Style and the Home

Style and the Home

Christian Dior: The New Look

With the war over, for women some things changed while others remained all too much the same. It is an oversimplification to see the war as a period of outright liberation for women, but nor is it true that they were just pushed back into the home after the cessation of hostiIities.

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Fashion, Film Noir and Romance

At the same time as Christian Dior was creating a nostalgic fashion and the French film industry was revitalizing itself, with period romances in which the stars appeared in dresses that seemed only slightly more exaggerated than the evening crinolines of the modern couture salons, Hollywood film noir was in its heyday.

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Evolution of Fashion Styles

Fashion is how we express our identitites. Fashion not only highlights the social history and the needs of women, but also the overall cultural aesthetic of the various periods. The evolution of fashion dates back to several hundred years and as our attitude and culture change, fashion comes along with it.

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The Reappearance of Youth Fashions

Fashion is a way of life; an attitude that transcends through your ensemble displaying your own originality. It allows people to express their feelings and make statements through their clothes and accessories. With the prosperity of the 1950s in full swing, American clothing manufacturers discovered — or perhaps created — new markets eager to buy their goods: children and teenagers. Television and printed advertisements instilled in 1950s kids at an early age a rampant consumerism that their parents had never had.

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American Dream: Suburban Life Design

The prime difficulty in most city planning until the 20th century was due to the fact that too few trained individuals had given specific thought to such problems as the regulation of traffic, control of the ingress of food stuffs, and the elimination of waste material. No one had considered the city as a greatly magnified human being which needed light, air, and exercise, as well as protection from the smoke and noise of the machine.

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The Promotion of Lifestyle

With the Arcadian and Utopian idea continually before him, the average American considers the ideal living conditions to be such as will allow him a maximum of space in an individual home, preferably in the suburbs. Beginning with the town of Pullman, founded in 1880 at Gary, Indiana, there rose in America several privately planned suburban real-estate developments.

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1950s Cars: Dream Machines

With the return of prosperity in the early 1920’s, the American automobile industry came into its own as the nation’s largest manufacturing enterprise. Production of motor vehicles climbed from 2,227,349 in 1920 to a phenomenal high of 5,337,687 in 1929, a figure not surpassed for another 20 years. By 1929, there was one automobile on the highway for every six people in the United States, and Herbert Hoover’s campaign slogan of “two cars in every garage” was by no means as ridiculous as it was made out to be by subsequent critics.

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Fashion Illustration

Socio economic changes that occurred during the First World War 1914-18 and became accepted, changed the role of women in a way that no amount of campaigning by a few liberated ladies could have achieved. High fashion until the twenties had been for the richer women of society. Poiret had commissioned leading avant-garde photographers to photograph his work in the early 1920s; however, until after World War II fashion magazines and store catalogs most often used line drawings in iliustrations.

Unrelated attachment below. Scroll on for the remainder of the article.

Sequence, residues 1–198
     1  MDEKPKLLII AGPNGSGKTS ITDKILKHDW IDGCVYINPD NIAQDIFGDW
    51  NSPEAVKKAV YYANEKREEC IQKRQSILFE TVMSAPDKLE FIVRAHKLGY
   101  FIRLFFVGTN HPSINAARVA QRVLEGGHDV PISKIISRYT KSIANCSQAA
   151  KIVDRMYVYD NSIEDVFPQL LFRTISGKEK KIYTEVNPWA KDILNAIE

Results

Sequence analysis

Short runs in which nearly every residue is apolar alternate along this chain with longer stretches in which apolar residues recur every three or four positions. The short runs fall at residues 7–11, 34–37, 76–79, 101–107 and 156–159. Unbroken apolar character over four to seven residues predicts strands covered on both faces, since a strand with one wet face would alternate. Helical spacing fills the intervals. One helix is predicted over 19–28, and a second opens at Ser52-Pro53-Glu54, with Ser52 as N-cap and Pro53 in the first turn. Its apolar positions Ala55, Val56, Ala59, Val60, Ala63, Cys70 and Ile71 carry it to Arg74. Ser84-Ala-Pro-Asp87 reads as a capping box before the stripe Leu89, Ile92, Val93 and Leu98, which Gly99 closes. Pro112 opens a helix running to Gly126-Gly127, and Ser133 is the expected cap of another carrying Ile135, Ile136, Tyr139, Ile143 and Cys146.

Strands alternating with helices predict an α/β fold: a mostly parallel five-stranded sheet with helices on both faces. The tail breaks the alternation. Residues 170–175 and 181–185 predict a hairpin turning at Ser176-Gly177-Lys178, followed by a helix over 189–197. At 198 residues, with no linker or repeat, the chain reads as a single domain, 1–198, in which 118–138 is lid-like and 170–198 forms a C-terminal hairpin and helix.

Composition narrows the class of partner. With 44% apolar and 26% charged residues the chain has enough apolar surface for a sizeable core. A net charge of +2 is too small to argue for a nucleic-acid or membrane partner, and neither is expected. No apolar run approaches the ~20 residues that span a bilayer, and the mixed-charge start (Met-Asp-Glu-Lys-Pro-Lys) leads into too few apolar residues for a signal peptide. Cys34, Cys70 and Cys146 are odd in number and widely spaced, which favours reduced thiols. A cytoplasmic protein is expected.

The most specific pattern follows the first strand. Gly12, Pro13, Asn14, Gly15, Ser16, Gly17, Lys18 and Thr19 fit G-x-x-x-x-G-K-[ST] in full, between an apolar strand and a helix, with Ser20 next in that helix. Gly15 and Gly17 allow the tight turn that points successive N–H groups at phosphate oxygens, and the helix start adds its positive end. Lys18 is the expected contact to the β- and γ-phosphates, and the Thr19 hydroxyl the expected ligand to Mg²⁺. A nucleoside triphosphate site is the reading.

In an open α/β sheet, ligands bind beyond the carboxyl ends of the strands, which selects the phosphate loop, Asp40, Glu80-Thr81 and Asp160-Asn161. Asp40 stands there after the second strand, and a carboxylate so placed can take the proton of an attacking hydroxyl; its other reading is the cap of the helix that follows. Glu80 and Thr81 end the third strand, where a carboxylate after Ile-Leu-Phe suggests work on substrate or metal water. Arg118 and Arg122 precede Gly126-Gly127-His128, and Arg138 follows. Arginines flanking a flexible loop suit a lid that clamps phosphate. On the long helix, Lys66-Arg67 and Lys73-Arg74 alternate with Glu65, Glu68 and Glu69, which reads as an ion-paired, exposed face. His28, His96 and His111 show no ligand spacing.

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Beatniks Generation in San Francisco

In the United States the Beats, or Beatniks, were originaIly a West Coast phenomenon. The word ‘beat’ was primarily in use after World War II by jazz musicians and hustlers as a slang term meaning down and out, or poor and exhausted. Jazz musician Mezz Mezzrow combined it with other words like ‘dead beat’or ‘beat-up’ in his book Really The Blues.

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Advertising for Men: Cigarette Advertisements

While, in the interwar years, most consumer goods had been aimed at a female market (even if it didn’t earn the money to pay for them), by the 1950s men had become, increasingly, the target for the ad-men of Madison Avenue. People honestly believed that smoking cigarettes were, while maybe not good for you, at least would not have harmful effects. The cigarette industry was in what is now referred to as its “Golden Age.

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Japanese Design in the 1950s

The question of Zen’s origin and its relationship to Buddhism has been taken up by many authorities and given different answers, depending upon the author’s background and point of view. Yet everyone agrees that Zen–to use Alan Watts’s expression–has a peculiar flavor and is unlike anything found in India.

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Japanese Design in the 1950’s

Japanese Design in the 1950's

The question of Zen’s origin and its relationship to Buddhism has been taken up by many authorities and given different answers, depending upon the author’s background and point of view. Yet everyone agrees that Zen–to use Alan Watts’s expression–has a peculiar flavor and is unlike anything found in India.

As Sir Charles Eliot says, “Zen, as far as our knowledge of its history goes, is a Far Eastern religion, and it is not easy to say anything definite about its connection with India. Even if the Lankâvatâra-sûtra expresses its main doctrines, it expresses them in a thoroughly Indian way, and the idea of not depending on books and letters is not at all Indian.” No doubt there are parallels between certain aspects of Indian thought and Zen, but, interestingly enough, these are found not so much in Buddhist scriptures as in the Upanishads, with their strong mystic tone.

As other authors, such as Professor Arthur Wright, have observed, Zen may be looked upon as “the reaction of a powerful tradition of Chinese thought against the verbosity, the scholasticism, the tedious logical demonstrations, of the Indian Buddhist texts.” Since the Chinese tradition was a humanistic one which emphasized common sense rather than abstract philosophical speculation, Ch’an, with its directness, its simplicity, and its distrust of intellectual analysis, was very much in keeping with Chinese thought.